My point still stands - the 70-200mm F4s are slightly cheaper (including the Sony), but if you need to go out and buy a new camera to use them. You'll notice I only say that there's a cost advantage - I'd have said there was a weight advantage, too, but I remembered the Sony, so didn't say that.
SHood: The new Olympus 40-150mm f2.8 is an interesting lens. It provides the same DOF on m43 as the Samsung and Fuji lenses while providing greater reach. Since it starts at 40mm you are not giving up much at the wide end either. And it weighs only 760g.
It does not provide the same depth-of-field as the Fujifilm and Samsung lenses.
Stand in the same location and shoot with the same framing (both reasonable conditions) and you won't be able to match the depth of field of the APS-C lenses. You will, however, have greater reach.
This article is about APS-C, and how APS-C users have traditionally often had to put up with full frame lenses that aren't necessarily ideally suited to APS-C. This has not been the case with Micro Four Thirds, which is why it's only mentioned in passing.
Almost the entire article is talking about APS-C, so inter-format equivalence isn't particularly relevant. I've added a sentence a the beginning to make this clearer.
Where I do talk about other formats (a reference to 70-200mm F4s on full frame and the 35-100 on Micro Four Thirds, I've mentioned equivalence).
Albert Silver: You are wrong about the cutting costs, since although Canon and Nikon models are priced like Rolls-Royces, you can get fantastic value in the Tamron 70-200 VC, which you have neglected to review, and costs $1499 (checked now on Amazon). DXO has it as the absolute best lens of this kind for the Nikon D610.
I included the Sigma into my tables to show that third-party 70-200 F2.8s can be cheaper - there isn't the page width to show it's also true for the Tamron. The own-brand Fujfilm and Samsung are aiming for Canon and Nikon levels of build and optical quality, so it seemed reasonable to *primarily* compare those prices, while including a third-party lens to show the fuller picture.
But I maintain that, while it probably is very good on the D610, I'd still rather have a dedicated 50-150mm if I were shooting APS-C (the Tamron is 197mm long and weighs 1470g, so it considerably bigger and heavier).
wolfloid: This whole article is based on a very basic misunderstanding. The lenses are the 'equivalents of 70-200 f4 lenses. NOT f2.8 lenses. Depth of field on APS-C at f2.8 is 'equivalent to f4 on full frame. Any light gathering advantage of f2.8 on APS-C is mitigated by the larger sensor of FF, which, if the sensors are of the same quality, will have half the noise of APS-C.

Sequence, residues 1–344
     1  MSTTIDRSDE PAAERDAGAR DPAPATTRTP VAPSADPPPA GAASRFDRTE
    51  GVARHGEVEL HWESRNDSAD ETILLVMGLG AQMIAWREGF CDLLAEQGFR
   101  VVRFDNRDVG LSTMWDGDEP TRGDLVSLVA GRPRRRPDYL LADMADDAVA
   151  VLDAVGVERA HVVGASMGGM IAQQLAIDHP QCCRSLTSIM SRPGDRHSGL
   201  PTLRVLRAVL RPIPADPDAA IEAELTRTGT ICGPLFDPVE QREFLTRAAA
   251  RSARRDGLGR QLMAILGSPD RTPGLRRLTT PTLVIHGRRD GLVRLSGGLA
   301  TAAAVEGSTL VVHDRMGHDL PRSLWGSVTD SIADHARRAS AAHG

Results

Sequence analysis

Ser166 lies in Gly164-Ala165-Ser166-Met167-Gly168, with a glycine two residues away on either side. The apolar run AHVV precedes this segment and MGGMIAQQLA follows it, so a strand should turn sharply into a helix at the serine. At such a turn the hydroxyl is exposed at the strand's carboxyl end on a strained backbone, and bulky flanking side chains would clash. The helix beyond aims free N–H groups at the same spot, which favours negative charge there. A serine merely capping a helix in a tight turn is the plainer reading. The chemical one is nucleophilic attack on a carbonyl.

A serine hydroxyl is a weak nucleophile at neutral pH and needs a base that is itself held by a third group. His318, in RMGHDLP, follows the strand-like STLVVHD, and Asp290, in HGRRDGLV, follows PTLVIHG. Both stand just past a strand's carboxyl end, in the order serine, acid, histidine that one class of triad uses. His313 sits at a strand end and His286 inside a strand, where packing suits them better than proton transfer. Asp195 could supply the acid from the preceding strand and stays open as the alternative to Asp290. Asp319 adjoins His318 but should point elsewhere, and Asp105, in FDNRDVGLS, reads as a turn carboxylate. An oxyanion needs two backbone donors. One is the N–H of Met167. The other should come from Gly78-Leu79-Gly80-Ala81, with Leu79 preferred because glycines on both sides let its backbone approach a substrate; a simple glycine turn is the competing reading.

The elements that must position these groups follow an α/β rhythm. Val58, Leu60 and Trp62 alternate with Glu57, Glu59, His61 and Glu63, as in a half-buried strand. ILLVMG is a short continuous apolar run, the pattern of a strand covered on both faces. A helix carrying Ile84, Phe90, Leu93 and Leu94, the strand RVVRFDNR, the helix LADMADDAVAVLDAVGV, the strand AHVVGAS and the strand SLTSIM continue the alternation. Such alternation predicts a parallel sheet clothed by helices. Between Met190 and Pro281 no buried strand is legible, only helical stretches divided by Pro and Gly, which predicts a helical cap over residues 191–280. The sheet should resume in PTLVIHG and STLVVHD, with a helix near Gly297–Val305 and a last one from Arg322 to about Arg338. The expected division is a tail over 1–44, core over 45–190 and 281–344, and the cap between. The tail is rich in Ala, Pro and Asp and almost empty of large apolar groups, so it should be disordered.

So, the Canon 70-200IS f4 is actually the lens to compare these new lenses with, and that, of couse, is smaller and lighter.
@Wolfloid - there's no misunderstanding on my part. I've added a sentence near the beginning of the article to make clearer that I'm talking about APS-C almost exclusively. I'm not comparing 50-150mm F2.8s on APS-C to 70-200mm F2.8s on full frame - I'm comparing them to 70-200s on APS-C.
I've brought inter-format equivalence up only where it's relevant.
Andr3w: The Pentax 50-135 f/2.8 has been out since 2007 and is very well regarded. Unfortunate that it gets written off because it "doesn't sell very well". Any data to back this statement up? It is the second most rated Pentax lens on B&H.
I can't imaging Fuji or Samsung will sell significantly more anytime soon since Pentax has had a 7 year head start.
My intention wasn't to write it off (I even mention that it's one of the things I look forward to when reviewing a Pentax DSLR).
However, this is an article about the new lenses for mirrorless systems. I tried to acknowledge that such lenses already exist for APS-C and thought I'd given Pentax due credit.
Vignes: I standardise to EF lens. I can use it for FF and crops sensor bodies. Not sure whether I want to collect EF-S lens if lets say Canon went along this path.Companys like Samsung, Fuji, Pentax may develop crop sensor lens but this is where they run into a 'brick wall' when they want to develop FF cameras. They have to re-develop or do what Sony and Nikon does - reduce the MP. Can't see Fuji jumping in FF system, Samsung may do it (they have the money), Pentax may do it to please their customers with legacy lens. Pentax has been saying this for some time but haven't materialised yet.
If you've decided that full frame is the only size/image quality balance you're happy with, then it makes sense to only buy a full frame camera and lenses.
However, the idea that it's the optimal format for everyone is false, at which point the idea of an 'upgrade path' is arguably more of a benefit to the manufacturers than it is to the photographer.